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From: Alexander Grund (alexander.grund_at_[hidden])
Date: 2020-02-28 15:47:38

TLDR: I'm contra signed-sizes. The size type is size_t and it's unsigned
for a reason: There exists no negative size. If you get an unsigned
value there is no need to check for below zero, if you get a signed
value you might. It is the same there is `not_null<T>` in GSL(?).

The whole discussion just shows that there is a problem with operations
mixing signed and unsigned types in C++ in general.
What we probably wanted was something like `size_t = not_negative<int>`,
but well...

Am 28.02.20 um 16:08 schrieb degski via Boost:
> Yes, maybe (did you measure ?), but it does away with the 'comparing
> signed to unsigned' and the UB on signed overflow, does allow for
> optimizations.'
I can pass that back: Did you measure the benefit of those UB-based
> Suppose you need to
> store some (or many of those indexes (of type std::size_t), the better
> cache-locality (and lower memory use), will affect your performance.
You mean using a 16- or 32-bit type as the size? Well there might be use
cases for >4GB of "strings", although that's conceived.
But curious: What usecase requires you to store that many indices that
this matters?
> There
> are certainly more use-cases. std::span almost had a ssize() param, but in
> the end (I believe) holding on to the past seems more important.
I think it's more about consistency. But yes, due to the rules for
mixing signed/unsigned ops this would have helped.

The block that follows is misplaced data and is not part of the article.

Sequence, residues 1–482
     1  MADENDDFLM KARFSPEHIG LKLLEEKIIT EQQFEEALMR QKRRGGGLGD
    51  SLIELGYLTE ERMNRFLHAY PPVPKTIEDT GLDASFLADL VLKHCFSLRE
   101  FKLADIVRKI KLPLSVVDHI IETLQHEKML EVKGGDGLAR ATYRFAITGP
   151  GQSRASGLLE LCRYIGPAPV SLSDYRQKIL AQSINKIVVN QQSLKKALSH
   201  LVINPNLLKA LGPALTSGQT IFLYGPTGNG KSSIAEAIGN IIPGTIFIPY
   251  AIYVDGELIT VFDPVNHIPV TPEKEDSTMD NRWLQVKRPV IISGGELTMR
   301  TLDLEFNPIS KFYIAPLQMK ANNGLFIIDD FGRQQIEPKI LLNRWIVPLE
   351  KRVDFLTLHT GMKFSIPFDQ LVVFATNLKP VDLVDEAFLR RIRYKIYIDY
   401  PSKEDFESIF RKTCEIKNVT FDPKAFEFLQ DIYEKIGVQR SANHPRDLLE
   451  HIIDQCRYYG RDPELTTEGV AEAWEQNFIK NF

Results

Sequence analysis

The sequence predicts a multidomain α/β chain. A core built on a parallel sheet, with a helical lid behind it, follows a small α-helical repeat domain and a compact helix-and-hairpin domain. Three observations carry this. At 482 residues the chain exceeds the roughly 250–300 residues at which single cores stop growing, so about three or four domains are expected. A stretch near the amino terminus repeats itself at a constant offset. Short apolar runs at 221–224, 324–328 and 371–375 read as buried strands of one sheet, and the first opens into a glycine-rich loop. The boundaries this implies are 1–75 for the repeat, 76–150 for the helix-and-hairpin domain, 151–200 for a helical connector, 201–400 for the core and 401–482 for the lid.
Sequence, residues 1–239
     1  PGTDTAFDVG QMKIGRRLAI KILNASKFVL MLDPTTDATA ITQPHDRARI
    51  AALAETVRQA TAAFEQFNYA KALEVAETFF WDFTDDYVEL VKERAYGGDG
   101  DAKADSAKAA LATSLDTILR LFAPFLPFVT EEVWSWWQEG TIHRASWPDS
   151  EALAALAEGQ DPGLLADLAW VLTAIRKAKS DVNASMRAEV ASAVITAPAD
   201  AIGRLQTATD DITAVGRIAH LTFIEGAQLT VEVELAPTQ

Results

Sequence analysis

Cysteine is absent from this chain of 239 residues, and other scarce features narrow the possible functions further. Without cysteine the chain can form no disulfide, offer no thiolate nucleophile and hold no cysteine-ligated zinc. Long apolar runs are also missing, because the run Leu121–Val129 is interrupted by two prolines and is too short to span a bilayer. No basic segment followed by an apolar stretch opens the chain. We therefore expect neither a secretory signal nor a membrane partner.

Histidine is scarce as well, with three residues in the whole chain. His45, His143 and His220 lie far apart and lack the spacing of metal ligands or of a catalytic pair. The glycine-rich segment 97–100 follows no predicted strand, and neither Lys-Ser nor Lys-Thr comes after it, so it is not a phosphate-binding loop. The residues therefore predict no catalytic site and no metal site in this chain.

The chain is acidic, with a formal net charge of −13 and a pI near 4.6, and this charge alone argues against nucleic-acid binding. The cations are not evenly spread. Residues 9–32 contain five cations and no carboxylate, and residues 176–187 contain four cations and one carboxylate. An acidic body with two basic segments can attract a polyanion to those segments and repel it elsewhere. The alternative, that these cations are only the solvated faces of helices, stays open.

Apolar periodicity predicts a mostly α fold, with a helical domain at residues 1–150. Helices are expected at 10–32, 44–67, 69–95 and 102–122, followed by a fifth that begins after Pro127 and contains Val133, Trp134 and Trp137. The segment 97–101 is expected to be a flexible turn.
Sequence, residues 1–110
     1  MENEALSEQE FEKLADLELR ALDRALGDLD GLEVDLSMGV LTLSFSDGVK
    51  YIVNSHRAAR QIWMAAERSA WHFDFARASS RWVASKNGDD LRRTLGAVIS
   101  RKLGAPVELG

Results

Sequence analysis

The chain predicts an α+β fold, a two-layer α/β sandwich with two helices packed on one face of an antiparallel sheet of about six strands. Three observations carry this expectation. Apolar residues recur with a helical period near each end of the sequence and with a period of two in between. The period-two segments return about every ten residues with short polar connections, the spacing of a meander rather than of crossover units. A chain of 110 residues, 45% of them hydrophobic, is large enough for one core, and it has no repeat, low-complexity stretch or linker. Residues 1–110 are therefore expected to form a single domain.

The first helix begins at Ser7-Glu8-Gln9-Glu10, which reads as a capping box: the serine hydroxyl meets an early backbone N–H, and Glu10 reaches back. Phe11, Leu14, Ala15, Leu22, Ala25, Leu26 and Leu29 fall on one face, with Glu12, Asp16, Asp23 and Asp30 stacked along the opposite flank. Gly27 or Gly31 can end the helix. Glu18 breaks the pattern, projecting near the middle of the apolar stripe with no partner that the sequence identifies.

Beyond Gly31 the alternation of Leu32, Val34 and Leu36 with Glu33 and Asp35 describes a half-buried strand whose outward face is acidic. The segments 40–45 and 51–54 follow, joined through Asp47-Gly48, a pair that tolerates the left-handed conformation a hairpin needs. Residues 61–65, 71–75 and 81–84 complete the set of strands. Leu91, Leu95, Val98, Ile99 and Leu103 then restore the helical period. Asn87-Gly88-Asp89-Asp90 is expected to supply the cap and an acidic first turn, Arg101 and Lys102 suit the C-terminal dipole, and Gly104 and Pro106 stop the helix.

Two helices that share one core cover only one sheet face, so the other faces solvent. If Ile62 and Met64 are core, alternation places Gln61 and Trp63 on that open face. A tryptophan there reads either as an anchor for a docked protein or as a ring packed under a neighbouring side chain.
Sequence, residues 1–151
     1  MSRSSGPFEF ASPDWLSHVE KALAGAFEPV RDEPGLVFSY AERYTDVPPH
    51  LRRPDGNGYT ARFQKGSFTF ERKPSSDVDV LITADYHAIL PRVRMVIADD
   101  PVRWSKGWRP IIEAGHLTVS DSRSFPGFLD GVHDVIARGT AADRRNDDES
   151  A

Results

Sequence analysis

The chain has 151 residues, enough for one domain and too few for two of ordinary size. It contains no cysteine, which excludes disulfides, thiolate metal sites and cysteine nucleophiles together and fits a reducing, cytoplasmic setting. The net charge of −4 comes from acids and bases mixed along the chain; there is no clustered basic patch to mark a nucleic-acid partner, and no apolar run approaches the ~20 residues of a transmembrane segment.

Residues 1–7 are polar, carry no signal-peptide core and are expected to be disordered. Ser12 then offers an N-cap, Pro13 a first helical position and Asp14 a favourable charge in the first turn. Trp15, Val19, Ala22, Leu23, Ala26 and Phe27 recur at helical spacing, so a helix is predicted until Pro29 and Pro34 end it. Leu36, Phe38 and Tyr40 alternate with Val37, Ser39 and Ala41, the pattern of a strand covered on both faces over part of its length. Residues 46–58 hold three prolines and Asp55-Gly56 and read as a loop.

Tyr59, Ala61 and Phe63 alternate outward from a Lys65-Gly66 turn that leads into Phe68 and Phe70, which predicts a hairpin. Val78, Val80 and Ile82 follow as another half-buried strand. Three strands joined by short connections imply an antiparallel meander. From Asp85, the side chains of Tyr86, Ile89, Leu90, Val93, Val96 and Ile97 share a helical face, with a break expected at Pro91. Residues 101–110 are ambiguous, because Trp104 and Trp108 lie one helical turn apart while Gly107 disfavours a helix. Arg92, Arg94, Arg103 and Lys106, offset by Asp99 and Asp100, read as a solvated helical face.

> I have never in my life seen a vector of size 2^32, even an array of chars
> that size is huge. The STL-solution to use std::size_t is totally arbitrary
Is it? size_t used to be 32 bits unsigned. That is the most reasonable
choice. The next better would be 16bit but I'm sure we agree that this
would be to small.
And in absence of a not_negative<int> a size is unsigned as is the
underlying value space.
> there is always std::int64_t
Not necessarily. IIRC it is optional
> With std::size_t's we easily introduce UB (and a bad one for
> that matter, because the wrapping of un-signed's might get unnoticed
> (luckily there is a warning, but nothing stops you from ignoring it)).
With ranges and range-based for loops the operations on a size become
less frequent. And it is easier to teach: Requesting a size? You'll get
an unsigned value because it can never be negative.
It avoids ambiguity. Compare that to a function returning a pointer: Are
you supposed to check that for NULL or can you assume it never is?

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